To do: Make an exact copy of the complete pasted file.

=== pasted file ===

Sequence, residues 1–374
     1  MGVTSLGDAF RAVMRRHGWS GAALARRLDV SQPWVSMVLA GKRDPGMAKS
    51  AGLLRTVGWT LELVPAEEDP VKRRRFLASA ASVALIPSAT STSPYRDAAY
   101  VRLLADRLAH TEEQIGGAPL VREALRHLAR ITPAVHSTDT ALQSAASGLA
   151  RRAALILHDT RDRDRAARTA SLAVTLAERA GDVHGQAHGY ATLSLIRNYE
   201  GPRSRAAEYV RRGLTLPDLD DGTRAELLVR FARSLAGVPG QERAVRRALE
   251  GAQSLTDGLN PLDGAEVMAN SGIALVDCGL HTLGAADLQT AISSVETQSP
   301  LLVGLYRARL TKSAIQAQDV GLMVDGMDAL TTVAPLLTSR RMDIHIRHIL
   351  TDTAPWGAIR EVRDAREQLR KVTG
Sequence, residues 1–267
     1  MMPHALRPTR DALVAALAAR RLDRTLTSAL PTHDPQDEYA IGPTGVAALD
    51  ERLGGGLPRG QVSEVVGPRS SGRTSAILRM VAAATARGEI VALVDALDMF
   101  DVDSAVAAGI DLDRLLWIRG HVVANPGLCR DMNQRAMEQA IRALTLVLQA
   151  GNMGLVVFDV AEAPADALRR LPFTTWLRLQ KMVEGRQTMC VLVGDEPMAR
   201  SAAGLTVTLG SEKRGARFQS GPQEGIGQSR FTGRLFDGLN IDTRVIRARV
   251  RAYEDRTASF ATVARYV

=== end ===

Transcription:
Sequence, residues 1–374
     1  MGVTSLGDAF RAVMRRHGWS GAALARRLDV SQPWVSMVLA GKRDPGMAKS
    51  AGLLRTVGWT LELVPAEEDP VKRRRFLASA ASVALIPSAT STSPYRDAAY
   101  VRLLADRLAH TEEQIGGAPL VREALRHLAR ITPAVHSTDT ALQSAASGLA
   151  RRAALILHDT RDRDRAARTA SLAVTLAERA GDVHGQAHGY ATLSLIRNYE
   201  GPRSRAAEYV RRGLTLPDLD DGTRAELLVR FARSLAGVPG QERAVRRALE
   251  GAQSLTDGLN PLDGAEVMAN SGIALVDCGL HTLGAADLQT AISSVETQSP
   301  LLVGLYRARL TKSAIQAQDV GLMVDGMDAL TTVAPLLTSR RMDIHIRHIL
   351  TDTAPWGAIR EVRDAREQLR KVTG
Sequence, residues 1–267
     1  MMPHALRPTR DALVAALAAR RLDRTLTSAL PTHDPQDEYA IGPTGVAALD
    51  ERLGGGLPRG QVSEVVGPRS SGRTSAILRM VAAATARGEI VALVDALDMF
   101  DVDSAVAAGI DLDRLLWIRG HVVANPGLCR DMNQRAMEQA IRALTLVLQA
   151  GNMGLVVFDV AEAPADALRR LPFTTWLRLQ KMVEGRQTMC VLVGDEPMAR
   201  SAAGLTVTLG SEKRGARFQS GPQEGIGQSR FTGRLFDGLN IDTRVIRARV
   251  RAYEDRTASF ATVARYV